3 Reasons Stock Price Doesn’t Matter | Personal Finance

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When you’re researching stocks, price is one of the most common factors to consider. But it’s easy to get hung up on how much the price actually matters.

Common sense says that the higher a company’s stock price, the better the investment. After all, a rising stock price must mean that the company is growing, and therefore worth more, right?

In reality, it’s a bit more complicated than that. Price is certainly one factor to keep in mind, but it doesn’t matter as much as you might think. Here’s why.

Image source: Getty Images.

1. Price doesn’t equate to value

It may seem counterintuitive, but a stock with a higher price isn’t necessarily more valuable than its lower-priced counterparts.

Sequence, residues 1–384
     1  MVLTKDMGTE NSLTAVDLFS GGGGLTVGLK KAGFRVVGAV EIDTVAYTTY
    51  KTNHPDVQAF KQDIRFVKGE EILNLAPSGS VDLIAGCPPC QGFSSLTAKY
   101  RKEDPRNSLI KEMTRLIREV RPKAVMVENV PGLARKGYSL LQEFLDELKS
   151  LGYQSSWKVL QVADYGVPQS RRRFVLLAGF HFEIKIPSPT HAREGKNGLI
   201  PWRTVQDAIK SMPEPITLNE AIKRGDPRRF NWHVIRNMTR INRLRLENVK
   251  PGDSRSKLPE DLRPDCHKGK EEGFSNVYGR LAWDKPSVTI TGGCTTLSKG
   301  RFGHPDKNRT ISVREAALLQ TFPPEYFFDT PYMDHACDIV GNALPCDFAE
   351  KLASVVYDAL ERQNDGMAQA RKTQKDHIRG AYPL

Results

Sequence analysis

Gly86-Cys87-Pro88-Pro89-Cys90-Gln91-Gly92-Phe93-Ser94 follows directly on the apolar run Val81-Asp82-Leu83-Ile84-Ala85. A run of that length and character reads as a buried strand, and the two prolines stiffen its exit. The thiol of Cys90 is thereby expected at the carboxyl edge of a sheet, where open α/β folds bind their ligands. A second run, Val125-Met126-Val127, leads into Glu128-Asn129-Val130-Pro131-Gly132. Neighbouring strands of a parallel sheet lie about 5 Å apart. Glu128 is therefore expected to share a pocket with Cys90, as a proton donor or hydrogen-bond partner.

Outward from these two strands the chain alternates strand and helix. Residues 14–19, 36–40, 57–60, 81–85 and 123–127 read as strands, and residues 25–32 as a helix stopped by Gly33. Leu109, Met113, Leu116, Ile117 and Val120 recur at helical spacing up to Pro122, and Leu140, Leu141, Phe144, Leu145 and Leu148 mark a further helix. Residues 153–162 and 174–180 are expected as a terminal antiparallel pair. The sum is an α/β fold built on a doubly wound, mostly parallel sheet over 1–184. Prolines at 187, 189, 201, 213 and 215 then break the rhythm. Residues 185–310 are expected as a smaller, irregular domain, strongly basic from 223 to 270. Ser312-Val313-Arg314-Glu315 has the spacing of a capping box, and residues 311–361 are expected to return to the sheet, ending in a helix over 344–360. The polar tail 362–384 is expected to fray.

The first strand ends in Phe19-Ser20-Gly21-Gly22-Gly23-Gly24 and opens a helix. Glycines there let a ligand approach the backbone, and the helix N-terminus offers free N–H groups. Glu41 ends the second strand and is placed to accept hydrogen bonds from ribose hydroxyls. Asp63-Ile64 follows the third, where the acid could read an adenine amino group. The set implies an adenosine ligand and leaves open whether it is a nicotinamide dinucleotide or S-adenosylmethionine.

Consider Amazon (NASDAQ: AMZN) and Apple (NASDAQ: AAPL), for example. As of this writing, Amazon’s stock price is around $3,330 per share. Apple, on the other hand, is priced at around $127.

Based on stock price alone, it may seem like Amazon is far more valuable than Apple. But Amazon has a market capitalization of around $1.65 trillion, while Apple has a market cap of around $2.116 trillion. Market cap is the number of shares outstanding multiplied by the stock price, and it’s one of the best representations of how much a company is worth. By this metric, Apple is worth more than Amazon, despite its significantly lower price.

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